The Road to Guantanamo
British director Michael Winterbottom is the most interesting filmmaker in the Anglo-American world. By that, of course, I don’t mean that he makes the best films. I only mean that he makes the most intriguing choices. One day he’ll be making a neo-noir sex thriller shot only in primary colours and the next he’ll try adapting Thomas Hardy’s The Mayor of Casterbridge. And what’s all this about needing two or three (or seven) years to hone and polish your picture? Winterbottom churns out material at an almost unhealthy rate. In the last four years, he has given us an anarchic, truth-bending look at the rise and fall of Manchester’s Factory Records (24 Hour Party People); an epic tale of Afghan refugees trying to get to Britain (the Golden Bear-winning In the World); a futuristic re-telling of the Oedipus story (Code 46); the most sexually explicit film ever to receive general release in the UK (9 Songs) and an endlessly inventive adaptation of Laurence Sterne’s famously unfilmable Tristram Shandy (A Cock and Bull Story). So what if some of his films don’t quite work? They’re all originals—intelligent films animated by a ferocious and unrelenting personal vision.
Which brings us to Winterbottom’s newest, The Road to Guantanamo. Co-financed by England’s Channel 4, this film can’t be faulted for looking a big rushed. It was made for television. The only real reason that it’s made it to the big screen at all is because of the content. Guantanamo retells the story of the Tipton Three—a trio of young Muslim men from a town in the British West Midlands. The men travelled to Pakistan to attend a wedding, were apprehended in Afghanistan by the Northern Alliance and ended up spending two years in the infamous American prison at Guantanamo Bay, Cuba.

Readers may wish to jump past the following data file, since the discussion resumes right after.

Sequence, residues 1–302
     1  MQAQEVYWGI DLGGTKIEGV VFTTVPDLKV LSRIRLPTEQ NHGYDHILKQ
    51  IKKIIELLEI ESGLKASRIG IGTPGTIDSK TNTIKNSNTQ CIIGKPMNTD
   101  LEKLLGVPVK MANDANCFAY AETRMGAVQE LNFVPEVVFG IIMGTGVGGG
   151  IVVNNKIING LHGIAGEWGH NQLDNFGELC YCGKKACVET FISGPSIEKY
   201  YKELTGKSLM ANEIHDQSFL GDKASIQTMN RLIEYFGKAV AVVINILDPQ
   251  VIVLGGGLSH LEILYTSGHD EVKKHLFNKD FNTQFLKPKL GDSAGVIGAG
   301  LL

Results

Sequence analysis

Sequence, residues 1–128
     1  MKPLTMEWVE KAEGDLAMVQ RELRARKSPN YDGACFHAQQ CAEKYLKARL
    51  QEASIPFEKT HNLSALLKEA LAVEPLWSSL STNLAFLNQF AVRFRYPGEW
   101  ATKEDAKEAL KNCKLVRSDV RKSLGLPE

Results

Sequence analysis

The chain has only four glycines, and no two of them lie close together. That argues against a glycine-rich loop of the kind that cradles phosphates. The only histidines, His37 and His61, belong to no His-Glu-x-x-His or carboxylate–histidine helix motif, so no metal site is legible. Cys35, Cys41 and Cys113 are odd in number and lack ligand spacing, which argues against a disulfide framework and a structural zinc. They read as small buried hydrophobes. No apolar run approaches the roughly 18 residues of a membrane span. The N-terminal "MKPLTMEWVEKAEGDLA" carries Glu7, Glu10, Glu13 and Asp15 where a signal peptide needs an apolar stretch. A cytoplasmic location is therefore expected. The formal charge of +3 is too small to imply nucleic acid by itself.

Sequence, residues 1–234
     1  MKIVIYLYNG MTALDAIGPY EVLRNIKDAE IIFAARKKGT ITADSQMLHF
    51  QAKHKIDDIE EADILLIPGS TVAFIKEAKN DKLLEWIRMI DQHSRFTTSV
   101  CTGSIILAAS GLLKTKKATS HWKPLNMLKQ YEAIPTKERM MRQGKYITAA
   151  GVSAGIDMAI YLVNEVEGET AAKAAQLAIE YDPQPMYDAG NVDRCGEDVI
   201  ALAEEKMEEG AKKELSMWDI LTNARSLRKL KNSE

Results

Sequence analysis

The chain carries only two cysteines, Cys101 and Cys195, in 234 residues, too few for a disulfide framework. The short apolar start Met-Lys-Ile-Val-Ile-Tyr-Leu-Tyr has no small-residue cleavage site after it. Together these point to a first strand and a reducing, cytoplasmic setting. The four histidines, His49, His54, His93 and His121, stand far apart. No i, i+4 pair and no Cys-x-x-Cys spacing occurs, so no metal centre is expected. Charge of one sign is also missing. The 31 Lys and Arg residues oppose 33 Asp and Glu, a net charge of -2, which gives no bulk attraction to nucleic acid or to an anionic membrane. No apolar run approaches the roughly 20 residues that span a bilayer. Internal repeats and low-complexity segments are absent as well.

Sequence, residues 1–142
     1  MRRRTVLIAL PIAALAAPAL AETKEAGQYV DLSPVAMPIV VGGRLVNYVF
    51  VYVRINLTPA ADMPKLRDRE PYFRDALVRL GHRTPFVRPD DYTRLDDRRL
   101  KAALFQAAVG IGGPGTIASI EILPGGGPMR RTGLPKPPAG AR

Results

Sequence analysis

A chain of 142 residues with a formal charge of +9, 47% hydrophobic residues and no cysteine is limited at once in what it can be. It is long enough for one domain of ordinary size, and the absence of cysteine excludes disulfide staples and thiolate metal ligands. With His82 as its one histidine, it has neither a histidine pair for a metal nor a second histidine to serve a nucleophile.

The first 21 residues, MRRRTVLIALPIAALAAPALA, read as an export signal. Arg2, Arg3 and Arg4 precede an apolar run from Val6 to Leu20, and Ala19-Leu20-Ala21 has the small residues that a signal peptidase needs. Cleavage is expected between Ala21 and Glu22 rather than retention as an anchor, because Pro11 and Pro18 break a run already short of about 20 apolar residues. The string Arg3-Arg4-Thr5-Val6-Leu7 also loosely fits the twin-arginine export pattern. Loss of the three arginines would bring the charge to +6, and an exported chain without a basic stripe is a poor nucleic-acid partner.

The film doesn’t really find its footing until Winterbottom’s scenes of dramatic re-enactment land us inside Gitmo. Before that, we follow the boys around as they decide to leave England for Pakistan, fool about like the young ‘uns they are and then foolhardily “stumble into Afghanistan.” It’s slow and confusing going to be sure. The film constantly dances back and forth between interviews with the now-released Tipton Three and the scenes with Winterbottom’s actors. The correct balance between these two halves seems to elude the director. Knowing a little about the story of the Tipton Three, I wanted a far better explanation of what the boys thought they were doing entering Afghanistan, but none is ever presented. Who are these boys? In the end, we know them only as the objects of great and unjust violence.
Violence is really the star of the film. Once the boys are apprehended, Winterbottom’s film becomes insanely engrossing (the racing, hypnotic soundtrack doesn’t hurt). While Guantanamo lacks any story arc (beyond the escalation of torture), the sheer inhumanity of the situation more than compensates. Even those who know a good deal about the camp will be surprised by the powerful depiction of the trio’s treatment.
So yes, Road to Guantanamo isn’t the fairest piece of journalism I’ve ever seen. But is it agit-prop? I wouldn’t want to smear a film this important with that kind of brush. The important thing about Winterbottom’s film is that it gives us a chance to see and feel what life is like on the flipside of the War on Terror. Discussions about torture and human rights often become so abstract that we forget we’re talking about real people. Films like this one, as flawed as it may be, are worthwhile if only for that reason.
The Road to Guantanamo opens at the Cumberland (159 Cumberland St.) on Friday.